After receiving this information, Harper pays a visit to John’s cottage, and brings him back to the camp, so that he can speak to Tom Storey. However, they are attacked by Michael, who actually is on the side of Carol and is not interested in fleeing the camp. Michael also set up Harold Cross to be murdered by the cremation squad. Michael also attempted to have Harper killed, as he was the one who set the Cremation Squad upon her when she returned to her home for medical supplies. Michael has killed Tom, and plans on framing Harper for the murder. He forces Harper to inject herself with insulin, to make it look like a murder and attempted suicide.
When Harper awakens, she faces Carol, along with an angry mob. Harper, John and their followers are accused of conspiring to kill Tom Storey with intent of turning the camp into a prison camp. Mazz, one of the rescued prisoners, also comes forward as a double agent. The mob then begins to pelt John with stones.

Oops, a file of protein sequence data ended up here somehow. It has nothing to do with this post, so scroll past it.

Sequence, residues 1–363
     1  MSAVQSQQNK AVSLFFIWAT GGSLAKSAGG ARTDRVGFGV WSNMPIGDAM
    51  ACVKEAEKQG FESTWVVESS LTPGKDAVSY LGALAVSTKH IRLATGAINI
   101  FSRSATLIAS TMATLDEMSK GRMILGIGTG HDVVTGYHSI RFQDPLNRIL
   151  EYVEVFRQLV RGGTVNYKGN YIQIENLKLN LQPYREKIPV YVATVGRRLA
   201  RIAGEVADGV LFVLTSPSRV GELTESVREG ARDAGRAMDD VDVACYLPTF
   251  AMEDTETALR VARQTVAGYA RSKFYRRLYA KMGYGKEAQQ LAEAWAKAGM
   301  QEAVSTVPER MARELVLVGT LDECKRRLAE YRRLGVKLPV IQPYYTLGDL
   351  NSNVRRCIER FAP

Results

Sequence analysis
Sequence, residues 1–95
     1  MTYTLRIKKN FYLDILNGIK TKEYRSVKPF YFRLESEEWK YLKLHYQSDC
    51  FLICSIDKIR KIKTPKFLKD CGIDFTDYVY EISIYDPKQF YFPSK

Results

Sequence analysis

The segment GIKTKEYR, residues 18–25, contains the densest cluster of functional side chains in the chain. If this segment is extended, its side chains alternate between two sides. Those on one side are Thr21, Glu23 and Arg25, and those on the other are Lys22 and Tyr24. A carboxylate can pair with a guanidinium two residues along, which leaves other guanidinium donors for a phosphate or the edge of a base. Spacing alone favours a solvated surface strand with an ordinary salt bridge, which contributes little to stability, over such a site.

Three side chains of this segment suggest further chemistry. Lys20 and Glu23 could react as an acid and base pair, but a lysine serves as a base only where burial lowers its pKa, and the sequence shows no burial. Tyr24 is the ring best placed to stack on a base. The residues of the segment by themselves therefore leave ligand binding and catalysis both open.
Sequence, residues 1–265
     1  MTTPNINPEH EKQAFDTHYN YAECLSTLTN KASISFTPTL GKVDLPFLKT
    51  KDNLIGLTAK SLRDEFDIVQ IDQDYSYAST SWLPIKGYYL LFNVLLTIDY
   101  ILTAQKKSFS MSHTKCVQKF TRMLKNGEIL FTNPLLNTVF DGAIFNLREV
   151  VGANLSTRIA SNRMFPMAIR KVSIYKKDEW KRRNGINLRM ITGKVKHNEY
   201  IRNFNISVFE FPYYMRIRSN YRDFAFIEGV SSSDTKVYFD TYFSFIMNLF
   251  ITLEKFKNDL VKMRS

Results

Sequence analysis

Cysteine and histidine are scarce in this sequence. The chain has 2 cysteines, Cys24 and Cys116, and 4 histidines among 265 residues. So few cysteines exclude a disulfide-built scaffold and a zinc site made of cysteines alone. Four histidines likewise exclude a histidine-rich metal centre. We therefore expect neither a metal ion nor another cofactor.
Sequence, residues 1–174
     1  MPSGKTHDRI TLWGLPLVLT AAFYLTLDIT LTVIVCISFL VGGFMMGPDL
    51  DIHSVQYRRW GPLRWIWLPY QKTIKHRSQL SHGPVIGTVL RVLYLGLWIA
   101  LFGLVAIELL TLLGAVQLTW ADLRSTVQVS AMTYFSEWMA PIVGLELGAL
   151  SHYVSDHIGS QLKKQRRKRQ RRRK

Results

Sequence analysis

Harper begins to fight, and finds that she can use the Dragonscale to do so. She is able to rescue John, and she, Allie and John attempt to escape. They realize that Nick, the young deaf boy, is also helping them, as Nick uses the Dragonscale to create a giant hand that is termed the Hand of God.
However, all is not well, as Nelson Heinrich, thought to have been killed in the heist of the ambulance and medical supplies, has led a Cremation Crew to the camp. Harper, John, Allie and the rest of the members take shelter in the empty church. There, Carol and her followers commit a sort of mass suicide, going up in flames while singing.